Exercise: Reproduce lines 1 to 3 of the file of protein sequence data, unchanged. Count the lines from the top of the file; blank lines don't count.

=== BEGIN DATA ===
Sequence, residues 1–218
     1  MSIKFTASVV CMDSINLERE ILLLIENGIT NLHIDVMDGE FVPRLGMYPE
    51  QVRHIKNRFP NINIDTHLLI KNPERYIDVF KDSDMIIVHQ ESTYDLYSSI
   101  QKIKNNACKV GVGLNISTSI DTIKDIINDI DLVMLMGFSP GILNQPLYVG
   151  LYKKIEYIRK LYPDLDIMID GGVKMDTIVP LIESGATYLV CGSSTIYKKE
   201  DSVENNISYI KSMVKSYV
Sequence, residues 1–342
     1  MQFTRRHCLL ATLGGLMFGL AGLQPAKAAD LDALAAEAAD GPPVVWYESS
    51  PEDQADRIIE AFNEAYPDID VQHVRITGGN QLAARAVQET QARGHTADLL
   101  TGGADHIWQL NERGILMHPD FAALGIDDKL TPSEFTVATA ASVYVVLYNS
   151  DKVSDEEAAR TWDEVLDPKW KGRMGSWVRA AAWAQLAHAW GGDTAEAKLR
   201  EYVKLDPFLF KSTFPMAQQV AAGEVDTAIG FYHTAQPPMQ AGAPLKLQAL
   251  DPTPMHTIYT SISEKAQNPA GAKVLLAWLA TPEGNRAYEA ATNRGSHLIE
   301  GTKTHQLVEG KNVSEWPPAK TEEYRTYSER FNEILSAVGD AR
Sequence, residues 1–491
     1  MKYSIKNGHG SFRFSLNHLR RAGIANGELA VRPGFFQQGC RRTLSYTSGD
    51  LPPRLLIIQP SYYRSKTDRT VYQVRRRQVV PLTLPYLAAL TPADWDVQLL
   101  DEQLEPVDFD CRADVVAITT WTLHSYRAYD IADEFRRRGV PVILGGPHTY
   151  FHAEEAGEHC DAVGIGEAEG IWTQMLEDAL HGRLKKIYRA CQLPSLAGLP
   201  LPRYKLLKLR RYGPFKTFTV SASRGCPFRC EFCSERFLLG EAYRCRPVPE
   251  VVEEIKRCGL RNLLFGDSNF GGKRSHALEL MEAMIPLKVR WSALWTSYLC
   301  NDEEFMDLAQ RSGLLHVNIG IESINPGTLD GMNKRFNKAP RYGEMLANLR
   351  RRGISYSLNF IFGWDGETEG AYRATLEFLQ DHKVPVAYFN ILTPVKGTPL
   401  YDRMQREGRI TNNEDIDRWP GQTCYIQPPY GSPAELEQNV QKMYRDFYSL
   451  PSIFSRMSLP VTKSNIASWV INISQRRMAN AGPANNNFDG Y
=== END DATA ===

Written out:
Sequence, residues 1–218
     1  MSIKFTASVV CMDSINLERE ILLLIENGIT NLHIDVMDGE FVPRLGMYPE
    51  QVRHIKNRFP NINIDTHLLI KNPERYIDVF KDSDMIIVHQ ESTYDLYSSI